If you haven’t followed my blog, then you might be surprised to find out that DW and I met and married within six months. Our engagement happened less than three months after we met, and was a long-distance relationship. The key here was communication. The phone was our main source of contact. Talking was the most frequent type of intimacy that we shared, plus when you are whispering hours into the night to a voice, and not distracted by sex, you tend to be more open and honest. There really wasn’t one thing we didn’t talk about – family, religion, past relationships, work, values, children, marriage expectations. And for a woman that has spent most of her life worried that all she had to offer was her looks or her body, it was one of the first times that I finally felt loved by a man (other than my father) for what was on the inside.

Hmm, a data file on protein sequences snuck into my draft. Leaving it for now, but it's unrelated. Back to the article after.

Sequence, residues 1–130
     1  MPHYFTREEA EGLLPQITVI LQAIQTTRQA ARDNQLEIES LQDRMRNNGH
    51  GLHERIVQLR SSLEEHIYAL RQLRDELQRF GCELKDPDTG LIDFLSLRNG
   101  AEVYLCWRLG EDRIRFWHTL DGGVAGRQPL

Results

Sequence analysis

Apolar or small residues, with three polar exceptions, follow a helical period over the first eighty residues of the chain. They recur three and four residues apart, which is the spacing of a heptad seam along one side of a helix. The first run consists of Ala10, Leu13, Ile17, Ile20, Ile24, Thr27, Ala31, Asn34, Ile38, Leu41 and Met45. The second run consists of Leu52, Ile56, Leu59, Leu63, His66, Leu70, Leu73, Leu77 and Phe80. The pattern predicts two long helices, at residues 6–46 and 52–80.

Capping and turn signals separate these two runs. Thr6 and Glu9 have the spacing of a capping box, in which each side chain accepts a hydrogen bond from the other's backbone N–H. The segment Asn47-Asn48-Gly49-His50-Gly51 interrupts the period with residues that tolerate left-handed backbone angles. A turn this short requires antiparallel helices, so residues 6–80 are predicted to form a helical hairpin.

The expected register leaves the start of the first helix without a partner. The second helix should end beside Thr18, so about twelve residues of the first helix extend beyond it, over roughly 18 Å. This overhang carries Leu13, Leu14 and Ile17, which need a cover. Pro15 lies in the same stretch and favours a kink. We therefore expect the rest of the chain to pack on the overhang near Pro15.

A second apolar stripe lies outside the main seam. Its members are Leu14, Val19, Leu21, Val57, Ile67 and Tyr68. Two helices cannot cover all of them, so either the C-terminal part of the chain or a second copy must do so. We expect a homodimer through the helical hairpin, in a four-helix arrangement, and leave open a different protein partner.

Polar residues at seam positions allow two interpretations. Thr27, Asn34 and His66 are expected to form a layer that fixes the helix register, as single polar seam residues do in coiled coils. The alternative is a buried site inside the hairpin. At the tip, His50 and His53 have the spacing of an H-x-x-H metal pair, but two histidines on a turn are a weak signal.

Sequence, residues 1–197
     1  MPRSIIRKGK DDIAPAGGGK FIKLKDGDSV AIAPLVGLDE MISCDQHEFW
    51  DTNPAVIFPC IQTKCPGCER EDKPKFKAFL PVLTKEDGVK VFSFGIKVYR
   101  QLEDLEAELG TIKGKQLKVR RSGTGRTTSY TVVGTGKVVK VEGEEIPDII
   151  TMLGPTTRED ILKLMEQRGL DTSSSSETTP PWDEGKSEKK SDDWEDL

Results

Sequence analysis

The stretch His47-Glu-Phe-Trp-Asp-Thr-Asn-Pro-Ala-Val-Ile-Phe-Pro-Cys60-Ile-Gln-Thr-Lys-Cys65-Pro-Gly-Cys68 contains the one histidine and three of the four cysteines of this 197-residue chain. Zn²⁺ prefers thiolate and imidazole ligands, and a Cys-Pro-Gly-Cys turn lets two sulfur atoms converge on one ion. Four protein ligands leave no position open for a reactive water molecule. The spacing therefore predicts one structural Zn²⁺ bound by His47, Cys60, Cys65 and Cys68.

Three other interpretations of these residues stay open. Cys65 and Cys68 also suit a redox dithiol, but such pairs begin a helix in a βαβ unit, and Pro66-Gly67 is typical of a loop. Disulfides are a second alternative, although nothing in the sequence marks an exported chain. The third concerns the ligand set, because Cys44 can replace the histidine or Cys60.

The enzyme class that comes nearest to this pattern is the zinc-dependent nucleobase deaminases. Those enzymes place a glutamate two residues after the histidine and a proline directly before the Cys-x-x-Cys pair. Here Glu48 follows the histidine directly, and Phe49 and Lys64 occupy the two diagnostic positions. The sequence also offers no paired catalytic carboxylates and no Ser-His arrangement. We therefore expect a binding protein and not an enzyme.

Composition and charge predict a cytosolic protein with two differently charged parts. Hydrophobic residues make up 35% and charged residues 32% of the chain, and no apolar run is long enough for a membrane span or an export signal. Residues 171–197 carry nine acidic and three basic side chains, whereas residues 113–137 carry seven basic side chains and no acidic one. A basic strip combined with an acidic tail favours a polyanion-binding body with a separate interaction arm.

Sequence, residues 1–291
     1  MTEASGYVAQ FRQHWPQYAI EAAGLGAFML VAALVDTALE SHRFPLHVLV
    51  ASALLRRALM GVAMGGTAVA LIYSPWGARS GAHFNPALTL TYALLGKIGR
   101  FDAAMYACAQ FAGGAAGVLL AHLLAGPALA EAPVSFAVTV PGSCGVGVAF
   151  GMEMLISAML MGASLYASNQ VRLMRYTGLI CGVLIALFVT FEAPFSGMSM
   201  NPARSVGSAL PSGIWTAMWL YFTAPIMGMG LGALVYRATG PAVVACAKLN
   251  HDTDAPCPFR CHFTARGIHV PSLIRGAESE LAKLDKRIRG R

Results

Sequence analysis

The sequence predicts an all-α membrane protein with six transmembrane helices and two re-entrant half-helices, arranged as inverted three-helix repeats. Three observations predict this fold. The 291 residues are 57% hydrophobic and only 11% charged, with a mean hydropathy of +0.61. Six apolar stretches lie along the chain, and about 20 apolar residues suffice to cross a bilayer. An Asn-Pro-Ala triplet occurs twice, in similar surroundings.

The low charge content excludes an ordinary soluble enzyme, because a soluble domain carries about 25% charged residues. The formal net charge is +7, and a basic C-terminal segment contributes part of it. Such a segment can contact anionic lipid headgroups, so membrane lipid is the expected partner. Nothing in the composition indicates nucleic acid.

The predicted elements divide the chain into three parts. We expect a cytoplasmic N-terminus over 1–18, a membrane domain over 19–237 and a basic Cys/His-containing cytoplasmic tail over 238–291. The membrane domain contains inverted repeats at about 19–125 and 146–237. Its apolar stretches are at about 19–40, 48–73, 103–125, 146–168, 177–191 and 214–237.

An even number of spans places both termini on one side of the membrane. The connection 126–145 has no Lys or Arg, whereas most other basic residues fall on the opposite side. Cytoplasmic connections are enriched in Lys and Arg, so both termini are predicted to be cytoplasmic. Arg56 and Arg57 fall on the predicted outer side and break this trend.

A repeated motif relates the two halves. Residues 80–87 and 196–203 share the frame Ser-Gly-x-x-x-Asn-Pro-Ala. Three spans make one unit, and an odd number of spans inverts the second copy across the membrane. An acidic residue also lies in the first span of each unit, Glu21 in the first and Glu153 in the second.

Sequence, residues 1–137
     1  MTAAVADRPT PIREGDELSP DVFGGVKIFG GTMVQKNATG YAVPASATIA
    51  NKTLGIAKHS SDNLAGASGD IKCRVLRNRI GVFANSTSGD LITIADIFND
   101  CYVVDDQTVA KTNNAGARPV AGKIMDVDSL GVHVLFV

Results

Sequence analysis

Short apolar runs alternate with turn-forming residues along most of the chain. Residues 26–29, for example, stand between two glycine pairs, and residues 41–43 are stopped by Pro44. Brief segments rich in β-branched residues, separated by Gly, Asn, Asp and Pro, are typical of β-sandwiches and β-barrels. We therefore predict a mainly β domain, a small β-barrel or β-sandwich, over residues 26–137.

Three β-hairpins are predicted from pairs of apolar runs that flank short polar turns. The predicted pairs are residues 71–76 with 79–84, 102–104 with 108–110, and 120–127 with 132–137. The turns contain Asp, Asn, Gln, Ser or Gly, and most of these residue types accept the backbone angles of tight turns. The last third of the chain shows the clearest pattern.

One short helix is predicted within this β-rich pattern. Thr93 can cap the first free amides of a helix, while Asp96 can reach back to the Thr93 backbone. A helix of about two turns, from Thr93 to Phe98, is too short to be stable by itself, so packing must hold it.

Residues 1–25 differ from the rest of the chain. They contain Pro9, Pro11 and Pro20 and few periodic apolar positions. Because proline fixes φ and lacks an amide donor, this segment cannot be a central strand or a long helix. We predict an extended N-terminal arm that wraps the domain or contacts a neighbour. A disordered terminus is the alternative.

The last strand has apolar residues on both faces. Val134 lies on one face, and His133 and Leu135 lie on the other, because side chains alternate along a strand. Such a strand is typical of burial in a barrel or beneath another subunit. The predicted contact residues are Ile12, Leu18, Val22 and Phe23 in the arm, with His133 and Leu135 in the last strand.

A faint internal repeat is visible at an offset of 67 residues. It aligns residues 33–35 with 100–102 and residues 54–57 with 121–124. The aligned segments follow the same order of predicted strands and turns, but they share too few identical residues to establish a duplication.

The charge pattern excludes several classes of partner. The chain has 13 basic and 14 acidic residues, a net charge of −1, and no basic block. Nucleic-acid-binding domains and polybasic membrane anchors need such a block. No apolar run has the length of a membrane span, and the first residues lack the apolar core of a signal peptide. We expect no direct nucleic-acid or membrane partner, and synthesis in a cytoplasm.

DW and I met in Texas at his brother’s New Year’s Eve party. My brother-in-law, KW, and I had known each other since 6th grade (my children like to announce to his new girlfriends that “my mom kissed my uncle once” only they forget to include the fact that we were like 12 years old at the time.) KW and I had been friends through middle school, and occasionally crossed paths during highschool and college. All that time, I had never realized he had an older brother. I came to this party under the assumption that there were not going to be any available men, and that everyone else invited was married. It was my intent to just come hang out for a couple of hours, welcome in 2001 and head home to bed fairly early since I had to be at work first thing the next day. Plus, I really wasn’t feeling very well and coming off an extremely tiring divorce. But when I got there, I met DW and was taken hostage by his charm and ability to make me feel like the most beautiful and important person in the room. We talked for hours – I know that I said way more than I should have, but what did I have to lose? The man was going to be driving back to Michigan the next day, and we probably would never see each other again. I didn’t realize until later how shy DW really was, either. Every so often he would excuse himself to get a quick shot of courage. By the end of the evening he was fairly intoxicated to be perfectly honest, and I was completely sober (amazing, I know). But the next day he drove two days straight back to Michigan, while I nursed myself back to health (it turned out I didn’t feel well because I had bronchitis). My wish was that he would call when he got home, but I was trying not to get my hopes up. Elation escaped from every pore the minute I heard his voice again on the phone.